Sterling and Wilson Solar Limited, the solar engineering and construction arm of the Shapoorji Pallonji Group, has paid ₹10 billion in dues (~$140.18 million) of its outstanding loan.
This payment consists of the principal amount and the interest from the date of listing of the company’s shares in August until December 31, 2019.
The company finalized the repayment schedule based on the recommendations of the audit committee, the board of directors, in a meeting held on December 31, 2019.
As per a Bombay Stock Exchange (BSE) filing, the outstanding loan of ₹25.63 billion (~$359.3 million) due from Sterling and Wilson Private Limited and Sterling and Wilson International FZE as on the date of the listing of shares on the stock exchanges now stands at ₹16.44 billion (~$230.4 million).
The promoters of the company have also proposed the repayment of the outstanding dues in a phased manner. The company will repay ₹5 billion (~$70.09 million) of the outstanding balance before March 31, 2020, and another ₹5 billion (~$70.09 million) by June 30, 2020. The remaining balance amount will be paid by September 31, 2020.
According to the BSE filing, the company’s debt from the date of the listing of the company’s shares until December 31, 2019, has now reduced by a net amount of ₹13.4 billion (~$187.84 million). The company has also paid an interest of ₹680 million ($9.53 million) on such external debt during the said period.
In November 2019, the company announced the results for the second quarter (Q2) and the first half (1H) of the financial year (FY) 2020, which ended on September 30, 2019. The revenue posted from operations amounted to ₹24.28 billion (~$338.35 million), and the company posted a net profit of ₹ 1.25 billion (~$17.47 million) for 1H of FY 2020.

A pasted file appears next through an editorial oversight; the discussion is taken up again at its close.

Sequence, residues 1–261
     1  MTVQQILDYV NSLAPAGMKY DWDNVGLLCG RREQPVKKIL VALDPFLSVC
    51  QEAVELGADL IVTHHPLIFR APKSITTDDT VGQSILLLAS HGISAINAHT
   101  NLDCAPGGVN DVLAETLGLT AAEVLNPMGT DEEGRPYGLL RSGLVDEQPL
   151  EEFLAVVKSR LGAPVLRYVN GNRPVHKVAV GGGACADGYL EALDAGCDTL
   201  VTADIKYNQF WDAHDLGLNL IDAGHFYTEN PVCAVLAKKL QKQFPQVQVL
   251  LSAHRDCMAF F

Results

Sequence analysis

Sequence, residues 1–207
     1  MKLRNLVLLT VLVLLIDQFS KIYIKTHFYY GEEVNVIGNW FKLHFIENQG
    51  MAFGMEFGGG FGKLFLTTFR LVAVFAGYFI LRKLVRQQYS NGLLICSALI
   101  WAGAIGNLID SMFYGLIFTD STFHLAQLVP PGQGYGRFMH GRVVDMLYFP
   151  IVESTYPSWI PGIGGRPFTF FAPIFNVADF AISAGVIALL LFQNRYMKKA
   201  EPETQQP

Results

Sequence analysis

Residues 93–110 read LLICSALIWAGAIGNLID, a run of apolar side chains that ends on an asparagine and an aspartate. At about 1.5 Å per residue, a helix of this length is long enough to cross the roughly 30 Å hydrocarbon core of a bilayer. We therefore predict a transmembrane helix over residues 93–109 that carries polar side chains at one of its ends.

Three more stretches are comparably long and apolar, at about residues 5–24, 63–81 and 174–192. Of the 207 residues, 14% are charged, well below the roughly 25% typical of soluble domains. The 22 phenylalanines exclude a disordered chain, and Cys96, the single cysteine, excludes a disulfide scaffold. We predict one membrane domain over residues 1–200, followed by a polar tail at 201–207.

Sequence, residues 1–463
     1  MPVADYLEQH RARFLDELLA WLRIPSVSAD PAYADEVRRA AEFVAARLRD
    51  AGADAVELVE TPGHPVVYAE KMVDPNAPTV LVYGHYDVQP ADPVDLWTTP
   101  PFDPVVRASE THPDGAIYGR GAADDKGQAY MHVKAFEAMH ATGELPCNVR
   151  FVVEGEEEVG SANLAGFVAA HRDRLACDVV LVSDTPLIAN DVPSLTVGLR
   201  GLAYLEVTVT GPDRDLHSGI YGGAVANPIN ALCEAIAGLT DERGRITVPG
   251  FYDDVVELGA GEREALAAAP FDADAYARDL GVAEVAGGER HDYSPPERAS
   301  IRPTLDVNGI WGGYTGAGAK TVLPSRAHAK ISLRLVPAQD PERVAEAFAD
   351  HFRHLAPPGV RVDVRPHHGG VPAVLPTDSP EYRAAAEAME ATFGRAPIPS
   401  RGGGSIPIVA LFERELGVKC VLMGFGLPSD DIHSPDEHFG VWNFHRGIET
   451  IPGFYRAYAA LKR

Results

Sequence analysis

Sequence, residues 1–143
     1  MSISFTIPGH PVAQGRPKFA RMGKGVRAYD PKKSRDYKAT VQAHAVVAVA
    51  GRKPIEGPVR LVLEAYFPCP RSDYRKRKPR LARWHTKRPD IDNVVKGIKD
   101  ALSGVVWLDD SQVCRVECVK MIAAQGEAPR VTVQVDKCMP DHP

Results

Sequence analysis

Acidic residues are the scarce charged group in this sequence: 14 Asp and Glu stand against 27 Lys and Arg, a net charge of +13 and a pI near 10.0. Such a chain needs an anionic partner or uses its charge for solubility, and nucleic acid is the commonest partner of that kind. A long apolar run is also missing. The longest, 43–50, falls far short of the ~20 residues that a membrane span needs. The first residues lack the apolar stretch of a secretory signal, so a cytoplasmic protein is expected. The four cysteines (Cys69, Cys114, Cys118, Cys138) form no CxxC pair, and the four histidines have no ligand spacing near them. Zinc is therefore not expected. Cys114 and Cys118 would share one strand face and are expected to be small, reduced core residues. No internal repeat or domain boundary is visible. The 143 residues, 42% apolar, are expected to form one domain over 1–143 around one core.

But things are not going all that well for the company. In November, the promoters of the company, Shapoorji Pallonji Group and Yazdi Daruvala, requested a revised payment schedule for the loans worth ₹23.41 billion (~$325.5 million) citing “significant and rapid deterioration in credit markets.” The outstanding amount stood at ₹25.63 billion (~$356.3 million) with the principal amount of ₹23.35 billion (~$324.6 million) and the interest amount of ₹2.28 billion (~$31.7 million) as of August 20, 2019, the day the company went public.
The company later clarified that the amounts mentioned in the letter dated November 14, 2019, were for two different dates and the amount of ₹23.41 billion (~$325.5 million) was only after taking into account the repayment of ₹2.5 billion (~$34.7 million) from the date of listing to the end of first half of FY 2020.
The company has been making inroads in strategic markets like Australia and the US Currently. The company claims that it has nearly 8.8 GW of solar EPC projects as part of its portfolio in different stages of implementation.
In August last year, the company floated its initial public offering (IPO) targeting to raise ₹31.25 billion (~$442 million). The price band for the IPO was slated at ₹775 ($11.10) (floor price) to ₹780 ($11.17) (cap price).
Previously, it was reported that the company had won an engineering, procurement, and construction (EPC) bid to develop a 1,177 MW solar project in Sweihan in the Emirates of Abu Dhabi.
The company also bagged a 1.09 GW project in Saudi Arabia, which has strengthened its position in the Middle East and North Africa (MENA) region. The company says it’s also the largest solar EPC solutions provider in Africa and the Middle East, with a market share of 36.6% and 40.4%, respectively.
Rakesh is a staff reporter at Mercom India. Prior to joining Mercom, he worked in many roles as a business correspondent, assistant editor, senior content writer, and sub-editor with bcfocus.com, CIOReview/Silicon India, Verbinden Communication, and Bangalore Bias. Rakesh holds a Bachelor’s degree in English from Indira Gandhi National Open University (IGNOU). More articles from Rakesh Ranjan.